Terrorism Jihad

Topics: Islam, Jihad, Al-Qaeda Pages: 6 (892 words) Published: August 9, 2015
Yasmeen Mashriqi

International Terrorism

12/05/2014

Professor Schlossberg

Jihad

Jihad is a term that the West has come to know and fear. The Arabic word, Jihad, means struggling or striving and applies to any effort exerted by anyone. Jihad is really a struggle in life. Extremists misinterpret the religion into believing the religion implies that they should fight with anyone that is against Islam. Extremists use their religion as a scapegoat. Those who are involved with Jihad are a very small percentage of Muslims who are from the extreme, radical, and violent wing of Islamic Fundamentalism. They are very passionate, religious, and anti Western. They tend to interpret Jihad in terms of personal struggle towards purity. What many people don’t know is that Jihad is not a declaration of war against other religions. The Quran specifically refers to Jews and Christians as "people of the book" who should be protected and respected. All three faiths worship the same God. Allah is just the Arabic word for God, and is used by Christian Arabs as well as Muslims. Jihad means struggle and that means any struggle, personal struggles, spiritual struggle, or more popular term for these days a political struggle. In Islam we have no right to fight anyone for any reason except for self-defense. The media plays a large role in the Middle East. It portrays hate back and forth by religious leaders who call death to Americans. Not only is the insidious nature of their broadcasts abhorrent, but they are also educating children on a diet of Jihad to become suicide bombers and murderers. In reality, this form of Jihad, which has an aspect of physical combat, is nothing like the terrorism and murder that we see committed all over the world in the name of Islam; rather, it based upon defending the rights of the oppressed, as Allah said in the Qur’an: “And what is [the batter] with you that you fight not in the cause of Allah while the oppressed among men, women, and children say, ‘Our Lord, take us out of this city of oppressive people and appoint for us from Yourself a protector and appoint for us from Yourself a helper?’” [The Qur’an: an-Nisaa’ 4:75]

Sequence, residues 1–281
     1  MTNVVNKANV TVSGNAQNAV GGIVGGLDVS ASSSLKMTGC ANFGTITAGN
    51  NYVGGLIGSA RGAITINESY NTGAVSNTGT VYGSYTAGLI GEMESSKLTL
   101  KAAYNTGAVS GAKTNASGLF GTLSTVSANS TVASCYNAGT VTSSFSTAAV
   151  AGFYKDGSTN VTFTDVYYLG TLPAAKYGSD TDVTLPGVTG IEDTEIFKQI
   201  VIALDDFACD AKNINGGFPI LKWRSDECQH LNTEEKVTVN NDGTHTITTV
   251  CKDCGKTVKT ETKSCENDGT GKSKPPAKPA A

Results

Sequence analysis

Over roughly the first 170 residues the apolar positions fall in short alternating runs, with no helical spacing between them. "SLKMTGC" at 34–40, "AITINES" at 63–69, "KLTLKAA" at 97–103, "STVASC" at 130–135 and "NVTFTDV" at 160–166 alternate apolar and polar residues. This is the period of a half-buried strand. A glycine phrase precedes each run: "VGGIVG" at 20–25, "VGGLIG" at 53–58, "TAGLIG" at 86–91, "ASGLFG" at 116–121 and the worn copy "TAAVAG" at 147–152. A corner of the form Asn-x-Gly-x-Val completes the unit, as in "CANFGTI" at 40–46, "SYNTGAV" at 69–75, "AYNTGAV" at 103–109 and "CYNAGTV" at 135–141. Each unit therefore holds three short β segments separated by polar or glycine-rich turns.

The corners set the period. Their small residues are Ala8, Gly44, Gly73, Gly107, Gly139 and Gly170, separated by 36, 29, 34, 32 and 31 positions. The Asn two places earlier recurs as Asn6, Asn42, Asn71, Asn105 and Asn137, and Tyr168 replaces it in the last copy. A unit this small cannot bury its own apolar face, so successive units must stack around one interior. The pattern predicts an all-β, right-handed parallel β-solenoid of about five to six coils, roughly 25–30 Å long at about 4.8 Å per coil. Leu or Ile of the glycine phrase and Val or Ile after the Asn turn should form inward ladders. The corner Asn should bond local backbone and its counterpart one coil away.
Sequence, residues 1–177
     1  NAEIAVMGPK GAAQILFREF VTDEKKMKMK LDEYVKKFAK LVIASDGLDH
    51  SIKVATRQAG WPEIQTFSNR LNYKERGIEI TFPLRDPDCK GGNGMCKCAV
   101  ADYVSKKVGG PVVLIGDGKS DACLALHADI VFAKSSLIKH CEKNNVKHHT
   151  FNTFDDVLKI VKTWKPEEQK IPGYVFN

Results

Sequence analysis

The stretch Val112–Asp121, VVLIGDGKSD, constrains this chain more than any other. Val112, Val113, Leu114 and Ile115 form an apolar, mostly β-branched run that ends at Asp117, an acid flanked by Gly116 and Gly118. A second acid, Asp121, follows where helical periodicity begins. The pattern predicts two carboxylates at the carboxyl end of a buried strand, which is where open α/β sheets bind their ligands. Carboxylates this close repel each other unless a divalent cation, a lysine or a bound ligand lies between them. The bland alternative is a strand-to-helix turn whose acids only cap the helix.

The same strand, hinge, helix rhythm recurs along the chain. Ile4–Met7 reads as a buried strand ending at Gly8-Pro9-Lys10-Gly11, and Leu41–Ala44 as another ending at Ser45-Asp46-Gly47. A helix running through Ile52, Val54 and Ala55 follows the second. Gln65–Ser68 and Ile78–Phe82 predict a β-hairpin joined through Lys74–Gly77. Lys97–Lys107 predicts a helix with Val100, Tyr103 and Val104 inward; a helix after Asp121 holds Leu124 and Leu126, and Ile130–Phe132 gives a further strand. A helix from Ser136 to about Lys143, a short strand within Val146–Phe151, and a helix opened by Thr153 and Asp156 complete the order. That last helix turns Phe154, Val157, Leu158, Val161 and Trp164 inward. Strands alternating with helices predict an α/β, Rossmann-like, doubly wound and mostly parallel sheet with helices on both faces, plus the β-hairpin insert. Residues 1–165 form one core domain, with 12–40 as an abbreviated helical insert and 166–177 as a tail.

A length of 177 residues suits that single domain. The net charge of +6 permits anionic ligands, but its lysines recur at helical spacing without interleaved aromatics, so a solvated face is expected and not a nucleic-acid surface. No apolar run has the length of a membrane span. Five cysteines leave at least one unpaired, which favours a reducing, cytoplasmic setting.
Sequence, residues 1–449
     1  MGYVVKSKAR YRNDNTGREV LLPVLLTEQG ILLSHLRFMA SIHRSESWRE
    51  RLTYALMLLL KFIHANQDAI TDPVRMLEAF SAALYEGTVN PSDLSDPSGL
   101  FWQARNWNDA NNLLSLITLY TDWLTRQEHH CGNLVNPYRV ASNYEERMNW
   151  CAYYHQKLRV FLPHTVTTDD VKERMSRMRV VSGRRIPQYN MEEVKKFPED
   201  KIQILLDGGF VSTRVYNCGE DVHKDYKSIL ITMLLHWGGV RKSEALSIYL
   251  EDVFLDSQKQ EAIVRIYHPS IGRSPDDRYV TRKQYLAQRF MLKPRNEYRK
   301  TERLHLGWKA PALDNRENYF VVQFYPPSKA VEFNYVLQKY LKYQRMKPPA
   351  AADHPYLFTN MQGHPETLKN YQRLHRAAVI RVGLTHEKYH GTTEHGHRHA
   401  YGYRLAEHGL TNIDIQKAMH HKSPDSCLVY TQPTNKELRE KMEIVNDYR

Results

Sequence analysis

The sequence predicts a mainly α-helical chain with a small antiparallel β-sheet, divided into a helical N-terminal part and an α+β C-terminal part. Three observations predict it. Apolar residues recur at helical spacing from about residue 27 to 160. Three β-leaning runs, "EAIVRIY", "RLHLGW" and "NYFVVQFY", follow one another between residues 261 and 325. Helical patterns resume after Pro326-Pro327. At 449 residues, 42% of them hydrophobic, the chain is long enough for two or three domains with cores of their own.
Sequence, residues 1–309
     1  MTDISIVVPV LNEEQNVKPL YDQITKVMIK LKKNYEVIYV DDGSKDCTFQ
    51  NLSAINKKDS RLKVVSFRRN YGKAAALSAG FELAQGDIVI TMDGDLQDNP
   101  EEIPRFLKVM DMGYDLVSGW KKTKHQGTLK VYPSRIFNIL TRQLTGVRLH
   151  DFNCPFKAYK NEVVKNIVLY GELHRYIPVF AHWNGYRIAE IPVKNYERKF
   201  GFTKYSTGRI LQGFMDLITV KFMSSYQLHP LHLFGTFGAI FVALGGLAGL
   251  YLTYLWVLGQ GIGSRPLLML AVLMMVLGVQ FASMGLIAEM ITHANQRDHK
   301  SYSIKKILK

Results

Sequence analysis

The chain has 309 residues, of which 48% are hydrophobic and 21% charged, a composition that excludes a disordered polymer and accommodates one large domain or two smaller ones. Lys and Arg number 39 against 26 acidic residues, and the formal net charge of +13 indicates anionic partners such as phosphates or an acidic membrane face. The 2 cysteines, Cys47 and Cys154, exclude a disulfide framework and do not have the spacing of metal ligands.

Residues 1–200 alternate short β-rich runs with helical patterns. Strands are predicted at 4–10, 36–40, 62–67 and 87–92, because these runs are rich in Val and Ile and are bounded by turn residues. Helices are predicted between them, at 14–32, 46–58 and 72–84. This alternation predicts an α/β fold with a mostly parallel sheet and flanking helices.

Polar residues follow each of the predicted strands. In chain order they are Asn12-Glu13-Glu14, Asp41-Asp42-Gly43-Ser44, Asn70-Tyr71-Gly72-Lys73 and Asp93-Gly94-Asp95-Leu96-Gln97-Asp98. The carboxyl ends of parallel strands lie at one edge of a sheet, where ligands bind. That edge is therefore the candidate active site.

There is no doubt that military operation, carried out by a legitimate and recognized army whose objective is to free the oppressed and liberate those living in tyranny is something which is praise worth. In Islamic history, there are those who have participated in the jihad of combat, and are regarded as heroes among the Muslims, defending the rights of the innocent, and fighting against tyranny; just there are those who use the concept of Jihad to murder the innocent and terrorize the people. People see the same parts of the Qur’an, but while some understand the passages in context, others takes them out of context, in order to use Islam as an excuse for the corruption they seek to spread. One example of Jihad is a mother giving birth. Another example of Jihad is a person struggling with a drug addiction. One battling a mental illness is also a very good example of Jihad. Jihad does not mean that one should go kill innocent people and terrorize them. In aspect is really is a self-struggle to make oneself a better person. Those who misinterpret Jihad and confuse it with Terrorism and War do not comprehend the concept the way it should be understood. “Not all Islamic extremists carry out violent acts. Islamic extremists can advance their goals using non-violent tactics such as activism, developing interfaith coalitions with unsuspecting non-Muslims, fundraising, building political influence and the overall spreading of the ideology. Islamic terrorists, on the other hand, use violence and terrorism to instill fear and to gain political power in order to establish their goals,” says Ryan Mauro. Muslims themselves disagree on what jihad is supposed to mean. Many modernists in the West deny that it has anything to do with violence. There are Muslim traditions of a...

Cited: Simonsen, Clifford E., and Jeremy R. Spindlove. Terrorism Today: The Past, the Players, the Future. Upper Saddle River, N.J.: Prentice Hall, 2000. Print.
Terrorism and International Law. Leiden, The Netherlands: Martinus Nijhoff, 2007. Print.
Nanes, Allan S. International Terrorism. Washington, DC: Library of Congress, Congressional Research Service, 1983. Print.
Kobrin, Nancy. The Banality of Suicide Terrorism the Naked Truth about the Psychology of Islamic Suicide Bombing. Washington, D.C.: Potomac, 2010. Print.
http://www.clarionproject.org/understanding-islamism/islamic-extremism
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